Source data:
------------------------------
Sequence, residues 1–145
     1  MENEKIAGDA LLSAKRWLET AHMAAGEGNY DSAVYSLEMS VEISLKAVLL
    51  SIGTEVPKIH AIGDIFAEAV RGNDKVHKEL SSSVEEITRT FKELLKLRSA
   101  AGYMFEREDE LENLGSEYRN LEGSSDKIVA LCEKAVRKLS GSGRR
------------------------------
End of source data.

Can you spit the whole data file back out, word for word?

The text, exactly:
Sequence, residues 1–145
     1  MENEKIAGDA LLSAKRWLET AHMAAGEGNY DSAVYSLEMS VEISLKAVLL
    51  SIGTEVPKIH AIGDIFAEAV RGNDKVHKEL SSSVEEITRT FKELLKLRSA
   101  AGYMFEREDE LENLGSEYRN LEGSSDKIVA LCEKAVRKLS GSGRR